Citigroup Investors Get New Shot to Hold Directors Accountable

Citigroup Inc. investors are getting another chance to argue claims that the bank’s current and former directors are responsible for costly anti-money laundering and other violations.

The Oklahoma Firefighters Pension and Retirement System and other pension funds filed a lawsuit in 2016, claiming the directors should be held accountable for the company’s “history of numerous, widespread, and systematic risks and legal compliance debacles” dating back to the financial crisis.

The Delaware Chancery Court dismissed the suit in December, finding the funds hadn’t shown the bank’s board members acted with culpable intent.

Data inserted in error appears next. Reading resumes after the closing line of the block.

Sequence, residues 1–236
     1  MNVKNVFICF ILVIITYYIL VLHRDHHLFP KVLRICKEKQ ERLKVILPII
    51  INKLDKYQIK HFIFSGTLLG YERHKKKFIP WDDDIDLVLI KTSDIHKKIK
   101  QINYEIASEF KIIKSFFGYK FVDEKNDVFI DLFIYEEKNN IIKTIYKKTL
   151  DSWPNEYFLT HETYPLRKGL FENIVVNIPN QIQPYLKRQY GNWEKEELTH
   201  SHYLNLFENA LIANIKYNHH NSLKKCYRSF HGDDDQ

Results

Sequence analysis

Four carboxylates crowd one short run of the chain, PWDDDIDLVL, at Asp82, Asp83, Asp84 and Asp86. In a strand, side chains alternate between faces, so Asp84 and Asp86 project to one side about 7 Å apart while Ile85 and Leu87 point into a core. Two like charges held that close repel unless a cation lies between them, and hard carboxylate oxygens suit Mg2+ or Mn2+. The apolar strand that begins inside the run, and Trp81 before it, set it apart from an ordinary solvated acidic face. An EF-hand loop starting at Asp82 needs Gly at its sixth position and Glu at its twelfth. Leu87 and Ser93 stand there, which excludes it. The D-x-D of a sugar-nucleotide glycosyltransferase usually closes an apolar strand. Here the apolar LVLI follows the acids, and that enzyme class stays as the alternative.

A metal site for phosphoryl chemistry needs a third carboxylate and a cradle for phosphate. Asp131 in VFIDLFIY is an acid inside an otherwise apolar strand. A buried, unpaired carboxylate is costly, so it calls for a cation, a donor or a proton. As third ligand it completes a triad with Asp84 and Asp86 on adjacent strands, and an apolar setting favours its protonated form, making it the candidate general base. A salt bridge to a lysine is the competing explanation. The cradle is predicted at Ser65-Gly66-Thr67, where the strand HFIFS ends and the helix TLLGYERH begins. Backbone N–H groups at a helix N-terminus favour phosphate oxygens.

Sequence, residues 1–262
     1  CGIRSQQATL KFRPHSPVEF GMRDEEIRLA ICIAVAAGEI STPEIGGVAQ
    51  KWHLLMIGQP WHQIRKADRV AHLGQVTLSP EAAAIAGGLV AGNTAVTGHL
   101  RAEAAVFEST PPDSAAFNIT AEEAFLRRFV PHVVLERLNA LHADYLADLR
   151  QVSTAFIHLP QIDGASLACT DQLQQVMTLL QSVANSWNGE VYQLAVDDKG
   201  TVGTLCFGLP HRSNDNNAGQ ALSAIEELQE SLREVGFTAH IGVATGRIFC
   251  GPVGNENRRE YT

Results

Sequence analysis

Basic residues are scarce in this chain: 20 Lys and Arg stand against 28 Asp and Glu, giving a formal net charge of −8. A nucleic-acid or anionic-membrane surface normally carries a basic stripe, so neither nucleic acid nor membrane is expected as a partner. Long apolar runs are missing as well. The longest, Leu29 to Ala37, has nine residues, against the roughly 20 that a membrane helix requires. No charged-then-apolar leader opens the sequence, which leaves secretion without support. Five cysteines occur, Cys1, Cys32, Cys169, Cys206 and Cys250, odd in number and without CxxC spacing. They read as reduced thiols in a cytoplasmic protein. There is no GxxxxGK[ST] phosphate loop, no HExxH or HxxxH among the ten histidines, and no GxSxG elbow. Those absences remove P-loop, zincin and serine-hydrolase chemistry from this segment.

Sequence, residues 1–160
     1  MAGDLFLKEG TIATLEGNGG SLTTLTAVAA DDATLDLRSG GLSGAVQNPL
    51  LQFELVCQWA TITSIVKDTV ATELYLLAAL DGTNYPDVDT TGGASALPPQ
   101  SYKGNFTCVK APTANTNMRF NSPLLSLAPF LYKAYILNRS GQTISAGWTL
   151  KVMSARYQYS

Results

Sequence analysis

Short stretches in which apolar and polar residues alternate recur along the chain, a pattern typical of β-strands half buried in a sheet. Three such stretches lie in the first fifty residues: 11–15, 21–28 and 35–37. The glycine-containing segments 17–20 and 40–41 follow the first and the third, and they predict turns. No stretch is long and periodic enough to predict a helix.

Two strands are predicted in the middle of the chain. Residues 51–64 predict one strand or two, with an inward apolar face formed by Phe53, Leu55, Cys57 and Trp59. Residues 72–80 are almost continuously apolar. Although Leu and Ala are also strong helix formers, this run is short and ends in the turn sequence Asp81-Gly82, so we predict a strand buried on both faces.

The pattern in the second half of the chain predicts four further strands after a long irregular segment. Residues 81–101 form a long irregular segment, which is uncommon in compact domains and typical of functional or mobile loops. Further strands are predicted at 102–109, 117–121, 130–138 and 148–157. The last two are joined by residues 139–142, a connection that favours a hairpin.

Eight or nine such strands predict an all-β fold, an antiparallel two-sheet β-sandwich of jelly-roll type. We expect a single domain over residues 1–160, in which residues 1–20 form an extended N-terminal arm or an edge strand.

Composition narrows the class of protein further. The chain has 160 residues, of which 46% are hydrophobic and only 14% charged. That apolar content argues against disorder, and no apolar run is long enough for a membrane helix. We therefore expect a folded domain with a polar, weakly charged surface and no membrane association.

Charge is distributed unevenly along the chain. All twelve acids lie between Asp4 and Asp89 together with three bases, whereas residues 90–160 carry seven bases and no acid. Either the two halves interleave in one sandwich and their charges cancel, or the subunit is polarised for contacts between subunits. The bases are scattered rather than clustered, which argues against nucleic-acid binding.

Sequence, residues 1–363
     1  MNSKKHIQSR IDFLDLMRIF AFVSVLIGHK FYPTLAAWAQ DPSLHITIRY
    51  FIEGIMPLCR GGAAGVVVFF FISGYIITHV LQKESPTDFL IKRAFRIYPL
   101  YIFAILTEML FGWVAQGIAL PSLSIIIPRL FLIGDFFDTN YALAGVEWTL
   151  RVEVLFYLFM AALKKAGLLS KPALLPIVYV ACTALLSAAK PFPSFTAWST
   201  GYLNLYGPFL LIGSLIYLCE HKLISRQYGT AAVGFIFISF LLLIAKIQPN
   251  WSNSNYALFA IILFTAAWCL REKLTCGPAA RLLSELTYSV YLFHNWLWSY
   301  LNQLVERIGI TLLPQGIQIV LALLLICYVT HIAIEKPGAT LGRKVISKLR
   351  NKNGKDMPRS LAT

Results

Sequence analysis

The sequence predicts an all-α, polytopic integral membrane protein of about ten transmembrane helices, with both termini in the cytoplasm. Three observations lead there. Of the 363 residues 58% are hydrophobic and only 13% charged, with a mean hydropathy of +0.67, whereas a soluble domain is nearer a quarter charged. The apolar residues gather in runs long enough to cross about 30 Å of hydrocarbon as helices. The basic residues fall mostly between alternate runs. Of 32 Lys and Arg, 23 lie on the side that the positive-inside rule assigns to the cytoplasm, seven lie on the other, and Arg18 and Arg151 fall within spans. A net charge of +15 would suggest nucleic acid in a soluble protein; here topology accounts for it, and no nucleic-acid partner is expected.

The Delaware Supreme Court on Jan. 25 agreed to remand the case to the chancery court. The shareholders argued that action was necessary based on “new facts” that surfaced this year, including a statement by the Office of the Comptroller of the Currency that the bank failed to complete corrective actions imposed by the agency in 2012 for anti-money laundering and Bank Secrecy Act deficiencies.

The OCC said this month it fined Citibank, a Citigroup subsidiary, $70 million for its noncompliance.

The state high court also stayed an appeal from the shareholders pending the resolution of the case by the chancery court. Citigroup declined to comment on the supreme court’s action.

The case is Oklahoma Firefighters Pension & Ret. System v. Corbat , Del., No. 32, 2018, stay granted 1/25/18 .

To contact the reporter on this story: Jacob Rund at jrund@bloomberglaw.com

To contact the editor responsible for this story: Yin Wilczek at ywilczek@bloomberglaw.com